When did WBC begin?

Whole Body Cryotherapy (WBC) originated in Japan in 1978 for rheumatoid arthritis. This treatment expanded into Poland by scientists who began using it as a physical therapy tool. These scientists realized that not only was WBC an effective treatment for rheumatoid arthritis, many other areas of the body responded to this therapy with positive results.


What happens during a treatment?

The patient enters the cryochamber as the nitrogen gas fills and cools the chamber to approximately -250 fahrenheit. Over a period of 3 minutes the patient’s skin surface is lowered approximately 30-40 degrees. This sudden drop in temperature triggers the body’s survival mechanisms. As a result, there is a release of endorphins as well as a rapid circulation of oxygen rich blood throughout the body. Capillaries will expand up to four times their natural diameter, which enables your white blood cells to access and heal your injuries up to five times faster.

How often should I do cryotherapy?

While a single session will instantly help, we recommend doing at least 2 treatments per week for the first month. Many of our customers come more like 3-4 or even 5-6 times per week to maximize their potential. For ongoing maintenance we recommend at least weekly.

When will I see results or improvement?

Immediately you’ll notice the positive effects of increased endorphins and adrenaline, leaving you feeling focused and recharged. If you’re looking to see more physical changes, results are seen after about two weeks of regular treatments.


Can I have multiple treatments in one day?

Yes. You must wait four hours between treatments.

What do I wear?

PLEASE BE SURE NOT TO WEAR ANY LOTIONS, OILS, OR SPRAYS ON YOUR BODY AS THE MOISTURE MAY CAUSE FROSTBITE. Clients are required to dress in protective clothing composed of cotton socks and underwear (men). You will be provided mittens and booties to protect your extremities. Modesty is preserved at all times as only your face and hands are visible to the technician.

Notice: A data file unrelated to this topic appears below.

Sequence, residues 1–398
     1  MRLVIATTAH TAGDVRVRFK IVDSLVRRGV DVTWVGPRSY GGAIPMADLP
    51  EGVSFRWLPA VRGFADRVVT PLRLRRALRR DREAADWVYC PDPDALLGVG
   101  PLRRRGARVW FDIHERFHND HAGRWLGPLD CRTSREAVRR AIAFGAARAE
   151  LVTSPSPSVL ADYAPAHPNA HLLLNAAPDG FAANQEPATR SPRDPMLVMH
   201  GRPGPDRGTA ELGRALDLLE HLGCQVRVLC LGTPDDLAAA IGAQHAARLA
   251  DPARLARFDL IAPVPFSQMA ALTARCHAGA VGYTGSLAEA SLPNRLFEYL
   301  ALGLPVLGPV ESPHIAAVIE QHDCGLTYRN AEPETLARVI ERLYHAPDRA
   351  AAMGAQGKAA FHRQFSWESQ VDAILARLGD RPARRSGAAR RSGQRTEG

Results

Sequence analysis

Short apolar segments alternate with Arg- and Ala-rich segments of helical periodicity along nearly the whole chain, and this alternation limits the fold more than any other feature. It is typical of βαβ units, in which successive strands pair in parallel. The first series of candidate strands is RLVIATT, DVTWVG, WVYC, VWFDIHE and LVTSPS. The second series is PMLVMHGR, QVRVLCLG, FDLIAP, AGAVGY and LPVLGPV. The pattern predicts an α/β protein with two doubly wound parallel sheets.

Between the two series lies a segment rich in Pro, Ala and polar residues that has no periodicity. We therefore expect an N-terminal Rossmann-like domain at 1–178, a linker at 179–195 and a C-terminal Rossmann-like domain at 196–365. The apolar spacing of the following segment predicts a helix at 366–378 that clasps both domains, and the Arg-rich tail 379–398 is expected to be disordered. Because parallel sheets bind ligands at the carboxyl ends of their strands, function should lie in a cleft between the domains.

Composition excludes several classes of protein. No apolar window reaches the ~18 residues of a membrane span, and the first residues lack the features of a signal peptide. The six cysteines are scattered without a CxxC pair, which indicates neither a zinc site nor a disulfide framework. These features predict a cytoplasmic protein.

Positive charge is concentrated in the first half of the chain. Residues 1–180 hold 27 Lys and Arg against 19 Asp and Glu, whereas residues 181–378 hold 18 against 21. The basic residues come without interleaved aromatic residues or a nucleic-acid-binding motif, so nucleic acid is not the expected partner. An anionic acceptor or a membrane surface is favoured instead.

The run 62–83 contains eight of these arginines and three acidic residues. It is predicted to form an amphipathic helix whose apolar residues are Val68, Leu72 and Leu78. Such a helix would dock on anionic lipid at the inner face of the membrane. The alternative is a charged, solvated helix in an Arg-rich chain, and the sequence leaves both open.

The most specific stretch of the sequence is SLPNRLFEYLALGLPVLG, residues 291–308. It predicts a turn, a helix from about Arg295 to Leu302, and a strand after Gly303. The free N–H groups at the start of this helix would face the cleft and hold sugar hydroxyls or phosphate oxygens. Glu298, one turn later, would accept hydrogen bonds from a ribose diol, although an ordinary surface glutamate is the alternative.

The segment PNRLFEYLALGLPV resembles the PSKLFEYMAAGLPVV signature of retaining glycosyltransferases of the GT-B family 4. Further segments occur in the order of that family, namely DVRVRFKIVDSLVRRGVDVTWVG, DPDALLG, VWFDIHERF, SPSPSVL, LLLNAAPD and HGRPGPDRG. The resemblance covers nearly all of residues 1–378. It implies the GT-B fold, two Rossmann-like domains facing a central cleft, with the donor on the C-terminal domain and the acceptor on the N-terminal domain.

Should I work out before or after a treatment?

Both are completely safe. Receiving treatment before working out will enhance your energy and endurance, promoting muscle recovery and rejuvenation. We recommend light exercise after your cryo treatment. This will assist in stabilizing your bodys temperature, promote vasodilation and extend the period of analgesia.

Should I eat/drink before/after?

While it is always good to be hydrated, it's not required to consume anything (or not consume) pre-session. Post-session we recommend hydrating however eating is completely individual and has no negative or positive effect either way in regard to the benefits of the treatment. 

What are the risks?

Whole body cryotherapy is very well tolerated and has very small risks. A small increase in blood pressure up to 10 points systolically can be expected but does not happen to all clients. The rise in blood pressure quickly returns to normal after the treatment. Allergic reactions to extreme cold are very rare but may happen.


Are there any age restrictions?

Yes. No one under the age of 13 will be allowed treatment. If your age is 13-18, we require parental consent. ages 13-16 should have a physician’s referral.



Is nitrogen dangerous to humans?

No. Nitrogen is a non-toxic gas. The air that we breathe is made up of 78% nitrogen.


If I'm claustrophobic can I do cryotherapy?

Yes. Our cryotherapy chambers are open at the top and your head is fully above the machine. Plus, the door doesn’t lock as it’s held closed by magnets allowing the ability to exit easily. In addition, you’ll have your choice of music for the duration of your session.


Who should not use cryotherapy?

The following are contraindications for WBC:

Pregnancy, untreated hypertension  (BP 180/100) , heart attack within previous 6 months, congestive heart failure, COPD, ischemic heart disease, tumor diseases, chronic liver disease, unstable angina pectoris, pacemaker, deep vein thrombosis or known circulatory dysfunctions, acute febrile respiratory conditions, acute kidney and urinary tract infections, severe anemia, seizure disorders, open sores, Raynaud’s disease, vasculitis, hyperhidrosis or uncontrolled diabetes.